Cinemania is known for captivating audiences by bringing films from around the world to Montreal and has facilitated many Canadian premieres. This year’s selection of 35 films range from thrillers, to romantic comedies, to political dramas. The festival is also committed to bringing notable directors, such as CÃ©dric Klapisch, to present their work in person.
The selection process begins at the Cannes Film Festival, held in France and one of the most prestigious festivals of its kind in the world.
“The opening and closing films are definitely must-sees,” said Natalie Belanger, the managing director of Cinemania.
Polisse, the first film on the line-up, won the Grand Jury prize at Cannes and will be making its first appearance in North America on Thursday. It is a realist portrait of a child protection unit attached to the Paris police force which details the psychological stress the team undergoes each day. The closing film, Les Neiges du Kilimanjaro, was also featured at Cannes and received very positive reviews.
This year over 100 films competed to be chosen for a spot on the coveted list. It’s aÂ difficult task, and Belanger says there are no hard and fast criteria.
“It’s not scientific. We have an eye for it, and we know what the public likes,” she said. “It’s the cinematographic experience you have to feel it. It’s really done with the heart.”
Of the 35 films listed, Belanger recommends Des vents contraires, which is the story of a man with two young children whose wife suddenly disappears, and La Fee, a whimsical adult fairy tale full of humour and the quirkiest of love stories. There is also Ma part du gateau, whichÂ Belanger calls the “blockbuster” of the festival, and was immensely popular in France.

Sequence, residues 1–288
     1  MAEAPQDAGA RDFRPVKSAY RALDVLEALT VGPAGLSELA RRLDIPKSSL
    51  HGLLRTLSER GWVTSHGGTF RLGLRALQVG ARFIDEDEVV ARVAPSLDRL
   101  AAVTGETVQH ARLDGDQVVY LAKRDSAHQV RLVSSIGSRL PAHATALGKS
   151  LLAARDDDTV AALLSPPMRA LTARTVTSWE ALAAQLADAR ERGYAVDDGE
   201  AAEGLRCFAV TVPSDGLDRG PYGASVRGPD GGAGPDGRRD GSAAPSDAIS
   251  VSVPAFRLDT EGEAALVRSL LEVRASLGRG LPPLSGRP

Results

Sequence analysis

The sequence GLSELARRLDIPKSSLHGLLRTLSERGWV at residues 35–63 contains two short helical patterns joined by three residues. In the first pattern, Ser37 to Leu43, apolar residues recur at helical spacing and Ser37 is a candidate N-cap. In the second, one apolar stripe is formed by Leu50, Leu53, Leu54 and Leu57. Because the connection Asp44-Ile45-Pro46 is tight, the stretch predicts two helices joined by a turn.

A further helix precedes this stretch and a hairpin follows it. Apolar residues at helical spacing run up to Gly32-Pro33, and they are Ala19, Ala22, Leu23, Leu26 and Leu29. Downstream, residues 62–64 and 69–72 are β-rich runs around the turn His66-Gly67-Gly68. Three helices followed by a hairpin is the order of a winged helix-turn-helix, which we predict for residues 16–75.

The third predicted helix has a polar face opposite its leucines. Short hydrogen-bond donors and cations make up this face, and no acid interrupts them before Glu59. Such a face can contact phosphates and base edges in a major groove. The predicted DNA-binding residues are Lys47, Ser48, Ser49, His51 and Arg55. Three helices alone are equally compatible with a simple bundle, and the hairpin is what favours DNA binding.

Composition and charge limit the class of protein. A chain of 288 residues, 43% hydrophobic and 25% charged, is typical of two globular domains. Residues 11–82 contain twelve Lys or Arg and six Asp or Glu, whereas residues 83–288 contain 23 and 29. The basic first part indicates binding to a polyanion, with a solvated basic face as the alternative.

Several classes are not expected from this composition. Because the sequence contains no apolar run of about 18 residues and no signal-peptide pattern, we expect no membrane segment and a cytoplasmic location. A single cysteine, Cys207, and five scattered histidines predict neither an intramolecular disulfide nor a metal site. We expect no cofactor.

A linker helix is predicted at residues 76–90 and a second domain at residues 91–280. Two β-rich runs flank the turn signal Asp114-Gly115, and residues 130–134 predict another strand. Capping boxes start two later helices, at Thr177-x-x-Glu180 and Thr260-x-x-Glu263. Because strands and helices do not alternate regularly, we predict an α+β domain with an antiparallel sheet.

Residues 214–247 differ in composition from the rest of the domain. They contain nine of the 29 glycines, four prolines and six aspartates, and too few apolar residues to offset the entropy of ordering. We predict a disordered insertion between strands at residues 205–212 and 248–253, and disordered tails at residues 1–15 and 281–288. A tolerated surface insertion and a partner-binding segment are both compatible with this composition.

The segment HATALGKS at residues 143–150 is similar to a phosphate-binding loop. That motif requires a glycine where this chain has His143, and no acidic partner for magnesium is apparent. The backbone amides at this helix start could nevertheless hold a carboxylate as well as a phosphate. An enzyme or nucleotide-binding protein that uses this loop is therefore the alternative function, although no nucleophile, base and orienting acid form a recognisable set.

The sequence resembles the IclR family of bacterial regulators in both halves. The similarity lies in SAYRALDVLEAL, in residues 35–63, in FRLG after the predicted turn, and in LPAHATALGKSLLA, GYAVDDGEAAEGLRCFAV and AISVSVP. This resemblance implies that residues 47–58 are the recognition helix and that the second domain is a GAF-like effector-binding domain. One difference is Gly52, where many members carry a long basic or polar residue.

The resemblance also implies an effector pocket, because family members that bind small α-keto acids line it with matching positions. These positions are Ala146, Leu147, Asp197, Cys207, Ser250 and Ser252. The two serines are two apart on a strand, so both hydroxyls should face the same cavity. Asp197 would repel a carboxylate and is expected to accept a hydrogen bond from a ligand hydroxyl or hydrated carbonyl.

She believes it’s important to be exposed to as many foreign films as possible. Â “It’s great, and it really opens your mind to different perspectives and cultures,” she said.
All the films selected are in French, but never fear, the English-speaking Montrealer will be able to enjoy the festival as well. “Every single film is subtitled. For us it’s essential,” said Belanger. “It’s very important to widen the audience and share with as many people as possible.”
Last year, the festival drew about 20,000 people and this year Belanger is confident audiences won’t be disappointed.
The Imperial Cinema is not open to the public except for special events. It is charmingly old-fashioned on the inside and seats approximately 800 people. Belanger says the atmosphere fits perfectly with the event. “To see the films in this magnificent theatre is just such an experience,” she said.
Cinemania kicks off at the Imperial Cinema on Nov. 3 and runs until Nov. 13. General admission is $12.50, and $10 for students. For more information, check out www.cinemaniafilmfestival.com.